Are you searching for your next step after graduation? Is a four-year college plan or the military not of interest to you?
If you prefer working with your hands and your mind and want to earn a degree while getting paid to learn construction skills through an apprenticeship, North Hennepin Community College (NHCC) has plenty of opportunities for you.
“Minnesota high school educators, students and parents need to know that they no longer have to choose between an apprenticeship and a degree,” said Richard Krohn, NHCC construction instructor. “If they are looking for a hybrid model, they can pursue a construction degree at North Hennepin Community College with both in-class work and on-the-job training experience under a contractor for apprenticeship credit.”
The Construction Technology Degree was created to give students college credit for the work they complete in apprenticeship programs. The goal is to make construction training courses and credits count toward a two-year degree — to support a student’s aspirations to later earn a two-year or four-year degree in construction management.
This semester, Krohn teaches three construction management classes at North Hennepin Community College. All are virtual but Krohn said the classes are full and participants range in age from current construction professionals looking move into management positions to PSEO and high school students focused on becoming a journeyworker in the field while gaining a degree.
Training that Applies Across All Trades
“The best part about the degree program is it is trade generic, not trade specific,” Krohn said. “NHCC technical courses can be applied in most of Minnesota’s building trades and classwork at the college is complementary to the technical skills taught by training centers and hands-on learning in the field.”
Construction technology courses taught at NHCC are focused on general labor history, safety, construction technology, which allows all crafts professionals to gain a well-rounded background of the trades and Minnesota’s construction industry. The on-the-job training is where students get course specific and choose a contractor that works in their field such as carpentry, the operating engineers, or the pipe trades (sprinkler fitters, plumbers, and steamfitters among others.)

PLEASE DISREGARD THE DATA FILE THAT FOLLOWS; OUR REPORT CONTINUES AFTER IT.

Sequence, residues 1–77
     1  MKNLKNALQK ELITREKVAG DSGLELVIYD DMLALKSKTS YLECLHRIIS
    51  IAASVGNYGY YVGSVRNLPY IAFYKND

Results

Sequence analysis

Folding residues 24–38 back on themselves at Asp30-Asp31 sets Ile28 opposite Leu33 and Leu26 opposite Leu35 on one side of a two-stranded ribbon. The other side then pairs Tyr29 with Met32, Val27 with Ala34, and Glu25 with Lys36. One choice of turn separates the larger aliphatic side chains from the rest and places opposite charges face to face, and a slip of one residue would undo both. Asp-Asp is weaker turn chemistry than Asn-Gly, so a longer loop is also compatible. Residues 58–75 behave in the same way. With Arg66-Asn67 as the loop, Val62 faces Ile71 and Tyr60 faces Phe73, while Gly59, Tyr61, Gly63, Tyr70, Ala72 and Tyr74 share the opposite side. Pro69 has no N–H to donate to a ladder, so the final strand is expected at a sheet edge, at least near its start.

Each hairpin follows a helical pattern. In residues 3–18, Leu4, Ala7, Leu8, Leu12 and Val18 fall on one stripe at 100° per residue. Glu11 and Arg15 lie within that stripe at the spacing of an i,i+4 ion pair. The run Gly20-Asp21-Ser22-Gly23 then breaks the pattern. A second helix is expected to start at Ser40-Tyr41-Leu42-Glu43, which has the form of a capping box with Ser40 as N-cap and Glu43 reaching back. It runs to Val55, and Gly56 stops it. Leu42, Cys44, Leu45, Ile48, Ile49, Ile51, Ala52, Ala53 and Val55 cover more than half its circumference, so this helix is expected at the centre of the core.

“We’ve created a program that’s consistent across the board and captures the first three years of every trades persons’ introductory knowledge and skills,” Krohn said. “Most apprenticeships last four-to-five years on average, so after completing the first three years of standard training apprentices will focus on training center exit and licensing exams for their selected trade.”
Each construction technology course earns four or five credits. In total, through the construction technology degree a student earns 27 credits toward a 60-credit, two-year degree at North Hennepin Community College.
“We have documentation(from the registered apprenticeship program) of their earned credits at this college and from there they can choose to pursue a career in construction, work toward a construction management two-year degree or save the credits to transfer to a university if they so desire,” Krohn said. “We’ve given students and their families a new peace of mind — they can earn college credit at a substantially reduced rate per credit and their on-the-job training experience doesn’t have to be approved on a per person basis — rather, on-the-job training is a facet of the program and students know it will be counted for credit for their education and apprenticeship training.”
Krohn added there’s a high demand for a variety of construction workers in the state of Minnesota, especially young people, women and people of color.
“Employers love this degree program because they can recruit people with field experience for management roles,” Krohn said. “Since apprenticeship is the primary credential in a competitive trades workforce this program is an added degree in your back pocket.”
For more information on North Hennepin Community College’s Construction Technology degree click here or contact Richard Krohn at email@example.com.